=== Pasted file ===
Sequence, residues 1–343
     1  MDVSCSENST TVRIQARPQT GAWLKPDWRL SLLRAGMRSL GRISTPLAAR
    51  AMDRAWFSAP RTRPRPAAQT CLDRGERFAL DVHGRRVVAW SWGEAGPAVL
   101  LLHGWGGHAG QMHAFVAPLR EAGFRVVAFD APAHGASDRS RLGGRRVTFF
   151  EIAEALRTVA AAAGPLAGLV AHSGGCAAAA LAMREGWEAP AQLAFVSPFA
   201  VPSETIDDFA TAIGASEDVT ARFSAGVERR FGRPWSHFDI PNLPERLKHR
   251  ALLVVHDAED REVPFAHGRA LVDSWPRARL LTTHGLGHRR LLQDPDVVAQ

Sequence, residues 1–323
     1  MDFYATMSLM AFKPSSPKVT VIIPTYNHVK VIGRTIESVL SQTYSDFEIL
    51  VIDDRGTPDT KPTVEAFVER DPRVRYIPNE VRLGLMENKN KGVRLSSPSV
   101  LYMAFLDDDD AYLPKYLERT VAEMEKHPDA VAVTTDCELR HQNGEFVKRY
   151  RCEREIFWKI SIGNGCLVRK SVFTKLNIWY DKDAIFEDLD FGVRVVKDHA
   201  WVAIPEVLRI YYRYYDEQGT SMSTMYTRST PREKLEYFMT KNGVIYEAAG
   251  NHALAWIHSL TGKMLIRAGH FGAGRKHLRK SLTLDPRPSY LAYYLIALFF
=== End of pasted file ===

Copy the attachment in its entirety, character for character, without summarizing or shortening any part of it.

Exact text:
Sequence, residues 1–343
     1  MDVSCSENST TVRIQARPQT GAWLKPDWRL SLLRAGMRSL GRISTPLAAR
    51  AMDRAWFSAP RTRPRPAAQT CLDRGERFAL DVHGRRVVAW SWGEAGPAVL
   101  LLHGWGGHAG QMHAFVAPLR EAGFRVVAFD APAHGASDRS RLGGRRVTFF
   151  EIAEALRTVA AAAGPLAGLV AHSGGCAAAA LAMREGWEAP AQLAFVSPFA
   201  VPSETIDDFA TAIGASEDVT ARFSAGVERR FGRPWSHFDI PNLPERLKHR
   251  ALLVVHDAED REVPFAHGRA LVDSWPRARL LTTHGLGHRR LLQDPDVVAQ

Sequence, residues 1–323
     1  MDFYATMSLM AFKPSSPKVT VIIPTYNHVK VIGRTIESVL SQTYSDFEIL
    51  VIDDRGTPDT KPTVEAFVER DPRVRYIPNE VRLGLMENKN KGVRLSSPSV
   101  LYMAFLDDDD AYLPKYLERT VAEMEKHPDA VAVTTDCELR HQNGEFVKRY
   151  RCEREIFWKI SIGNGCLVRK SVFTKLNIWY DKDAIFEDLD FGVRVVKDHA
   201  WVAIPEVLRI YYRYYDEQGT SMSTMYTRST PREKLEYFMT KNGVIYEAAG
   251  NHALAWIHSL TGKMLIRAGH FGAGRKHLRK SLTLDPRPSY LAYYLIALFF